The Big East also lost league stalwart West Virginia to the Big 12 that involved a nasty public legal squabble between the two sides. That battle ended in settlement with the Mountainer paying the Big East big bucks to play in the Big 12 next season.
If those three defections weren't damaging enough for the teetering conference, TCU, who was scheduled to begin Big East play this fall, elected to accept Big 12 membership before it ever played a game in the Big East.
Throw in a botched television negotiation with ESPN last summer that would have been extremely lucrative for the Big East and someone had to take the fall for the league's inglorious decline.
As it turns out the fall guy is Big East commissioner John Marinatto, who resigned Monday after league presidents asked for his resignation Sunday night, according to CBSSports.com.
"After a great deal of thought and prayer, I have decided to step down as Commissioner of the Big East conference," Marinatto said in a released statement. "Our recent expansion efforts have stabilized the Conference for the long term, and we are likewise well positioned for our very important upcoming television negotiations. As a result, I felt this was the right time to step aside, and to let someone else lead us through the next chapter of our evolution."
The timing of the move is interesting, to say the least, given the current state of the BCS, which is considering scrapping the current post-season structure for a four-team playoff, and the pending additions of all-sports replacement parts Memphis, UCF, Temple, Houston and SMU and football-only members Navy, San Diego State and Boise State.
Joseph Bailey, a former NFL executive and partner in an executive recruiting firm, will serve as the interim Big East commissioner. Interestingly, Cincinnati president Greg Williams will lead the search for the league's new commissioner.
"The Big East has a terrific future," Bailey said in a statement. "I'm excited to participate in shaping a new structure and strategic plans for the conference, and I look forward to engaging on these matters with the leadership of all of the conference's members, old and new alike."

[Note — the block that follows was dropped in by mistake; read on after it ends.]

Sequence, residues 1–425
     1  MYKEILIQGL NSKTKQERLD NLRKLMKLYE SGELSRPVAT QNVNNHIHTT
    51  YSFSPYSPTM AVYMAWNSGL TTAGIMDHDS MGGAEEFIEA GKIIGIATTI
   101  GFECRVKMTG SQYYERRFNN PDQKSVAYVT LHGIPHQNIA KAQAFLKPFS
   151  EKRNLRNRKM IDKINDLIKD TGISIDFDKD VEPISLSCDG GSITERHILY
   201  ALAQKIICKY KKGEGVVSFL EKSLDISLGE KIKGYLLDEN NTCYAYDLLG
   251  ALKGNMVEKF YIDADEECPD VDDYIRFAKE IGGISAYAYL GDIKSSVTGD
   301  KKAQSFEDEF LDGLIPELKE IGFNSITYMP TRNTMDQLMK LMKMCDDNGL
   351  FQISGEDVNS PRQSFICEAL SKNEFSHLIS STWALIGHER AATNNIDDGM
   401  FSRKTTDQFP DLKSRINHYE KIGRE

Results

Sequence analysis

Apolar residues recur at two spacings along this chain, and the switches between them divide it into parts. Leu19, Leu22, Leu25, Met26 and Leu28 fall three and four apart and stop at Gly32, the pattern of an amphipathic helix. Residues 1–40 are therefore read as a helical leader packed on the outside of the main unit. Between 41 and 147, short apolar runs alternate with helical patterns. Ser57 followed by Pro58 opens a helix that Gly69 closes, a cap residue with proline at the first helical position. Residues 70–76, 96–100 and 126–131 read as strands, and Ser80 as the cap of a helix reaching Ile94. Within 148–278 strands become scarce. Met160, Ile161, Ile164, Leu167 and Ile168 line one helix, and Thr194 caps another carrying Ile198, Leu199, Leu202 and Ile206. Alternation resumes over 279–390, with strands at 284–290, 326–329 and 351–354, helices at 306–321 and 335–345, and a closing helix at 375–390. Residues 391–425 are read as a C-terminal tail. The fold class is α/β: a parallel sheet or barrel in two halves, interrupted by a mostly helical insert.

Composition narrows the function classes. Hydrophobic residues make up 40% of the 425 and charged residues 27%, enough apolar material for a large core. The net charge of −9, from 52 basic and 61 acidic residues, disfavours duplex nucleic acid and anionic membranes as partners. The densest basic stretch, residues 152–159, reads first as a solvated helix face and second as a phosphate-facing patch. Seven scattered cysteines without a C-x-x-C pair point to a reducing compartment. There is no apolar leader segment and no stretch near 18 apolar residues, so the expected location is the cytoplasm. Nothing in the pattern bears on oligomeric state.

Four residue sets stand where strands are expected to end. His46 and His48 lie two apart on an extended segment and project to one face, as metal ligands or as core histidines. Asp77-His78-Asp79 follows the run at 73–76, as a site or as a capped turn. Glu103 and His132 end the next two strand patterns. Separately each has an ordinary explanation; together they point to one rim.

What does Marinatto's departure, coupled with the changing league membership and national conference landscape mean for Louisville? Not much really. Louisville officials have been actively considering other conference options since last fall, when the Cardinals lost out to West Virginia for a spot in the Big 12.
A source told ESPN Monday that, "Louisville athletic director Tom Jurich was a close confident of Marinatto and his pending departure has pushed the Cardinals to further consider the Big 12 if they can get an invitation from the current 10-team league."
That shouldn't surprise anybody in Louisville who has followed conference realignment scenario's the past year. Since the Big 12 passed over UofL for West Virginia last fall, the Cardinals, it's been widely reported, are next in line for Big 12 membership should that league choose to further expand its membership.
Last week, the Big 12 announced former Stanford athletic director Bob Bowlsby as its new commissioner. He'll take over for Chuck Neinas next month and expansion will be one of his first major tasks. Besides Louisville, Notre Dame and BYU are two other prominent targets for the conference, which currently has 10 members after losing Nebraska, Colorado, Texas A&M and Missouri, while adding TCU and West Virginia in the past two years.
For now, Louisville will sit tight as the Big East's premier all-sports program until a better (formal) offer comes along. Given the changing nature of the national conference landscape, more shakeup, potentially involving Louisville, could be just around the corner.